You may wish to explore the option of working with a retrofitting assessor and coordinator. Many tradespeople like builders will also be able to advise and support you to improve your home’s energy efficiency.

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What’s the price to retrofit a house?

Retrofit wall insulation cost

Some of the average costs you can expect to pay to retrofit your house:

  • Cavity wall insulation – £5 – £6 per m2
  • Internal wall insulation – £55 – £140 per m2
  • External wall insulation – £55 – £180 per m2
  • Loft insulation – £10 – £40 per m2
  • Floor insulation – £95 per m2
  • Glazing – £110 per m2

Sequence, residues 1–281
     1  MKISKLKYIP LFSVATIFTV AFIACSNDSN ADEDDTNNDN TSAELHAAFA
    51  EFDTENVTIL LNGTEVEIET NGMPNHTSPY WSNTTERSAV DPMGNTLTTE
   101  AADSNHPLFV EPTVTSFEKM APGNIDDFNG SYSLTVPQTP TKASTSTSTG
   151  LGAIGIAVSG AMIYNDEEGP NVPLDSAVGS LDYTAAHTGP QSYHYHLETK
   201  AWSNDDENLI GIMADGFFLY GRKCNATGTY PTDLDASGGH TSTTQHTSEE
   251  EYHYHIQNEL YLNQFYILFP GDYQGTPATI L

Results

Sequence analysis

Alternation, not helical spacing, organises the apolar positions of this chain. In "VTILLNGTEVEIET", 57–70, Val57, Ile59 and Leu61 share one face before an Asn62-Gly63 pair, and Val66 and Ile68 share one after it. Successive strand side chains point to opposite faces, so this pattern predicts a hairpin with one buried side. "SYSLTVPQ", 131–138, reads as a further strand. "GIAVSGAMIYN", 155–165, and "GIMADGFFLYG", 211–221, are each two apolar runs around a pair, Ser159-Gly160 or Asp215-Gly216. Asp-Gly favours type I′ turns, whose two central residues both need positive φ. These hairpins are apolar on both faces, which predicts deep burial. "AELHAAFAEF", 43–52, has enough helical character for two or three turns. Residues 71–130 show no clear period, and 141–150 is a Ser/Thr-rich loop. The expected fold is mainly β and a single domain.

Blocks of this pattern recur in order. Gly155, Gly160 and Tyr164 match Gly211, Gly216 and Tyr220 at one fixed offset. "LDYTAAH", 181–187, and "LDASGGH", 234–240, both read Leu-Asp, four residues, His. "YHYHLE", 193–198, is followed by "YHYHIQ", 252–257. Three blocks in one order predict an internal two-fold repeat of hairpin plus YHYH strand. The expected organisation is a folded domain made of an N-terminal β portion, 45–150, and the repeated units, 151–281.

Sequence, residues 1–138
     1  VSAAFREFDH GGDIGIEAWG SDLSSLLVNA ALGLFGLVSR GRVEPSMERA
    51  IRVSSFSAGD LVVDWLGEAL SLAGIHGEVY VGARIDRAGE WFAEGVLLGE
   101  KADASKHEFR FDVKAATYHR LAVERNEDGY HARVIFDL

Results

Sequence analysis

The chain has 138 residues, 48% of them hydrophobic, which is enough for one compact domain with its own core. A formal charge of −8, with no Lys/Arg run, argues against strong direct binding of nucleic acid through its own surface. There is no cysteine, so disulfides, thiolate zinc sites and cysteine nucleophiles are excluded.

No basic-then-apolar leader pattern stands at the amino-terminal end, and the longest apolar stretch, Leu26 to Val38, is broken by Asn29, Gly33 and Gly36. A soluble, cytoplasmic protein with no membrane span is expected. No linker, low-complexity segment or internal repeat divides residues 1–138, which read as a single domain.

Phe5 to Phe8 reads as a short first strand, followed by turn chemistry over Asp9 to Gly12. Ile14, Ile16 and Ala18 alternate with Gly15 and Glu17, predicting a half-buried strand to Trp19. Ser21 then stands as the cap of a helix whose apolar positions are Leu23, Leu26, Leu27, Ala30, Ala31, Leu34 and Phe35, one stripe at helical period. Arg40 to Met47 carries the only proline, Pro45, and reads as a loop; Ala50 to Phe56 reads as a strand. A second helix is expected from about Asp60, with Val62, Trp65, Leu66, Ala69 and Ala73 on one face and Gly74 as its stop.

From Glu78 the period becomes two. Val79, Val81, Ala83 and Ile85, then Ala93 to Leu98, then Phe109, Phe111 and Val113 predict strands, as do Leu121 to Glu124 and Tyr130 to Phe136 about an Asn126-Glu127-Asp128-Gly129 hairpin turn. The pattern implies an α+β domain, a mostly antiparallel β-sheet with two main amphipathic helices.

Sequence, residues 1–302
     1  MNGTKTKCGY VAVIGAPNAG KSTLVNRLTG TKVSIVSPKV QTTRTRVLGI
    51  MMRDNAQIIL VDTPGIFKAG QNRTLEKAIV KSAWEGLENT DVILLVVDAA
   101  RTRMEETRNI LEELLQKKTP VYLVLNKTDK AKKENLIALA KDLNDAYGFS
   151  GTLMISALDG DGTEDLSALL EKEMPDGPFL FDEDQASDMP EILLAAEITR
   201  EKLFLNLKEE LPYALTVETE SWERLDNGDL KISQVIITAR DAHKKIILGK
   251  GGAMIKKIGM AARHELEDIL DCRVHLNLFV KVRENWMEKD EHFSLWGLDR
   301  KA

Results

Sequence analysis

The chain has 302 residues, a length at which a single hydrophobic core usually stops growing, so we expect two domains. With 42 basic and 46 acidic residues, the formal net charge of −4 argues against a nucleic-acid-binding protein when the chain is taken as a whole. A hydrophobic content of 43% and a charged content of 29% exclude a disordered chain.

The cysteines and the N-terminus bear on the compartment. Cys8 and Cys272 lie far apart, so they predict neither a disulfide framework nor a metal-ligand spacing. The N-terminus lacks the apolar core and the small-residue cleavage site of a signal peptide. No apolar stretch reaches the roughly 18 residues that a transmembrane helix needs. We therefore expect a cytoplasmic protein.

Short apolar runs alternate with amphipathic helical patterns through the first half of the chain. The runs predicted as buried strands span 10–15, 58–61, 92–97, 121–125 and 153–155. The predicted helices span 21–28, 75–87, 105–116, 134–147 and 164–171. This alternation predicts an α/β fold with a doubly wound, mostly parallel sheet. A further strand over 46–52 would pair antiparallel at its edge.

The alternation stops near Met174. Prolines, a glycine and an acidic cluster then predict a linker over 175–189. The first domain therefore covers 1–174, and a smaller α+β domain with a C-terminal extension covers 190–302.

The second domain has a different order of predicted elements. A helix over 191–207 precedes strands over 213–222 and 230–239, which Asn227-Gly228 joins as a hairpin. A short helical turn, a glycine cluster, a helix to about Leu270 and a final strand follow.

• Boiler replacement – £1,600 – £5,500
  • Draught-proofing – £85 – £275

*Cost assumptions from Department for Business, Energy & Industrial Strategy – “What does it cost to retrofit homes”

Find out more about retrofitting house costs in our cost guide.

Which tradespeople should you use for the job?

When it comes to retrofitting your home, you may need multiple tradespeople to cover all angles. From window replacements to insulation installation.

The best tradesperson to start your journey with is a builder or surveyor. They can advise you on the best way to proceed with your full house retrofit.

To find a reliable builder in your local area, simply search your postcode below and see which builders your neighbours recommend!